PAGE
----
Among Quinn’s decisions during the three years that Lavin served as chief of staff were whether to expand gambling and legalize medical marijuana. Lavin also represents a company formed to compete for a license to grow medical marijuana.

Quinn spokeswoman Brooke Anderson said, “Mr. Lavin consulted with both the Office of the Governor’s General Counsel and Ethics Officer prior to his departure from the State. When Governor Quinn took office, he enacted a strong new ethics code and we expect everyone to comply with it,” Anderson added.

Under the state’s revolving door law, certain state employees or former state workers cannot accept employment or compensation from a non-state employer if the worker, in the past year, made regulatory or licensing decisions or awarded contracts affecting the new employer.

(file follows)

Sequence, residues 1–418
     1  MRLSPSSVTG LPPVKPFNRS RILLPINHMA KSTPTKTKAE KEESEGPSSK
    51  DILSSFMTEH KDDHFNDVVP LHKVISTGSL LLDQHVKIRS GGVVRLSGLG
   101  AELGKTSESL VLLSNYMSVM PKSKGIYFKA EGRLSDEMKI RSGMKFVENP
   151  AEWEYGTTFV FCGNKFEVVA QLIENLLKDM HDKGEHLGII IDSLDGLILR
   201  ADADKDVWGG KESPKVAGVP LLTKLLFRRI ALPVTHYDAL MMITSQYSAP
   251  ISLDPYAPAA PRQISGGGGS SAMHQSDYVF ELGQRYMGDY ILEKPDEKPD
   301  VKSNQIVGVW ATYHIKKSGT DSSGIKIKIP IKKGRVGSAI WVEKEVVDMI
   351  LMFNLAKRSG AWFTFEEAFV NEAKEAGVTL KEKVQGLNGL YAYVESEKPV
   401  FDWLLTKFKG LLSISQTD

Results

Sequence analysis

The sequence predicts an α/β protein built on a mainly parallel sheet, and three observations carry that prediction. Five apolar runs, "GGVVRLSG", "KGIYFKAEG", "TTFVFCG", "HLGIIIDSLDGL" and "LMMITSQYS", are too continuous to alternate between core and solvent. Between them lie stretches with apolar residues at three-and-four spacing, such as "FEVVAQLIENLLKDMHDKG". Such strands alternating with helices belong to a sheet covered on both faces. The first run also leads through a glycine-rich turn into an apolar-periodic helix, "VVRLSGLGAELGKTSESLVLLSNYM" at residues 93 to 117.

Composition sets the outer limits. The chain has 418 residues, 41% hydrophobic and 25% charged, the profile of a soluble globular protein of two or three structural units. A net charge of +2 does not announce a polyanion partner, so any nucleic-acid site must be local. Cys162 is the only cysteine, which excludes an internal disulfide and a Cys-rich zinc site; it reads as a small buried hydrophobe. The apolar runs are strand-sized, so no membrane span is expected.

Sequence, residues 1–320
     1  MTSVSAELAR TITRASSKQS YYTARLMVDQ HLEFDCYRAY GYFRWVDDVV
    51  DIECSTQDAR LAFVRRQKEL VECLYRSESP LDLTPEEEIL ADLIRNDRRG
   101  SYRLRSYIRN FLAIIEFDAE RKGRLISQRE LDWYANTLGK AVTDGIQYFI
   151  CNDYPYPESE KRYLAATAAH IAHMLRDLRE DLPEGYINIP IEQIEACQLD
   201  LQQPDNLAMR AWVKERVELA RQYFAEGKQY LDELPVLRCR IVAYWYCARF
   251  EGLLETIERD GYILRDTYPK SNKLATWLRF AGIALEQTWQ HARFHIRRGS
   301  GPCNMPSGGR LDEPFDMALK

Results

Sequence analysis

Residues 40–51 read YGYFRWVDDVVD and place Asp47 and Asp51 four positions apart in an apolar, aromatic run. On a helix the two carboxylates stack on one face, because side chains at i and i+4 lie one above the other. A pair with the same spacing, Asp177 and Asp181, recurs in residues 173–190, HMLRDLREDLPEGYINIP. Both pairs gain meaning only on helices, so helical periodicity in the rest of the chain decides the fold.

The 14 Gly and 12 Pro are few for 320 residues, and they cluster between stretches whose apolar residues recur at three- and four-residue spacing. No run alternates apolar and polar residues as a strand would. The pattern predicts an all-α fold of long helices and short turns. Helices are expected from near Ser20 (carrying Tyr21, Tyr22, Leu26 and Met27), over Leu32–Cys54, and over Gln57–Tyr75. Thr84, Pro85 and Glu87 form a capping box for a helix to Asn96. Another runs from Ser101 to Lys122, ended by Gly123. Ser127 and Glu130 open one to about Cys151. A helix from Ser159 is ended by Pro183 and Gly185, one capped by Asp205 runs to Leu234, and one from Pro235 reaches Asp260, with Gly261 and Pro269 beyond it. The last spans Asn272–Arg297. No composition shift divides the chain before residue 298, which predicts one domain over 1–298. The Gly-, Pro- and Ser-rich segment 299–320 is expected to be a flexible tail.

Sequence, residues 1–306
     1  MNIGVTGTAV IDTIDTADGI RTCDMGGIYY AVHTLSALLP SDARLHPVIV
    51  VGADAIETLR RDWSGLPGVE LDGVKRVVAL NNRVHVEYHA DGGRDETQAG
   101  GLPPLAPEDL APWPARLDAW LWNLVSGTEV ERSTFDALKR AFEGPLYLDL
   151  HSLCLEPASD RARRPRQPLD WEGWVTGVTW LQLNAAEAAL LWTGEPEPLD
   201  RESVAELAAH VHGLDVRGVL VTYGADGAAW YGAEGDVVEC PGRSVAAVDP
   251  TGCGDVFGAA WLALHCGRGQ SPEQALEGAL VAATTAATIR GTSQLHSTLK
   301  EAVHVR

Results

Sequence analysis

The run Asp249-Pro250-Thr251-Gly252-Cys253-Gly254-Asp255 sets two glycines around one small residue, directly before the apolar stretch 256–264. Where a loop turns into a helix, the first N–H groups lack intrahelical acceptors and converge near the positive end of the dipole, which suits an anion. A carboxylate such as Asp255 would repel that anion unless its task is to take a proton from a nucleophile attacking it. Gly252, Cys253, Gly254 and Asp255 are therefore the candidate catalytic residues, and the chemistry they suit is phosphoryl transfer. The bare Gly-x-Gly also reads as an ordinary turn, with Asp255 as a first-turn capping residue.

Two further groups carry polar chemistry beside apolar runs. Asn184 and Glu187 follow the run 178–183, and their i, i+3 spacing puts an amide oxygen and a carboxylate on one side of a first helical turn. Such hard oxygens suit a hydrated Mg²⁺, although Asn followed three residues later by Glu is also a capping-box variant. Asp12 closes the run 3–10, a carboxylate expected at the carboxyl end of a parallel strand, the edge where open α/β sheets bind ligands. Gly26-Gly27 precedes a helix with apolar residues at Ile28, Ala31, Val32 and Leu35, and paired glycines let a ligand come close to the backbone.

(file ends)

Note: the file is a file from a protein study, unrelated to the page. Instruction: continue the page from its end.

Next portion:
State Senator Darin LaHood of Dunlap, a proponent of tougher revolving door laws, said of Lavin’s new career, “I think that’s probably something to look at.”

Another area of concern in Illinois is the expansion of internet cafes, such as Dotty’s in Bloomington. Fred Jansen, managing member of SOILL Restaurant Systems, which would own the Dotty’s in Bloomington, told the city’s liquor commission said the location would feature “an old-fashioned grandma kitchen kind of decor” and serve salads, sandwiches and breakfast food, adding that video gaming “certainly is part of the entertainment package that we provide our customers, both the food, beverage and the video gaming.” However, Jansen emphasized, “We’re a restaurant. We serve three meals a day. We meet their classification.”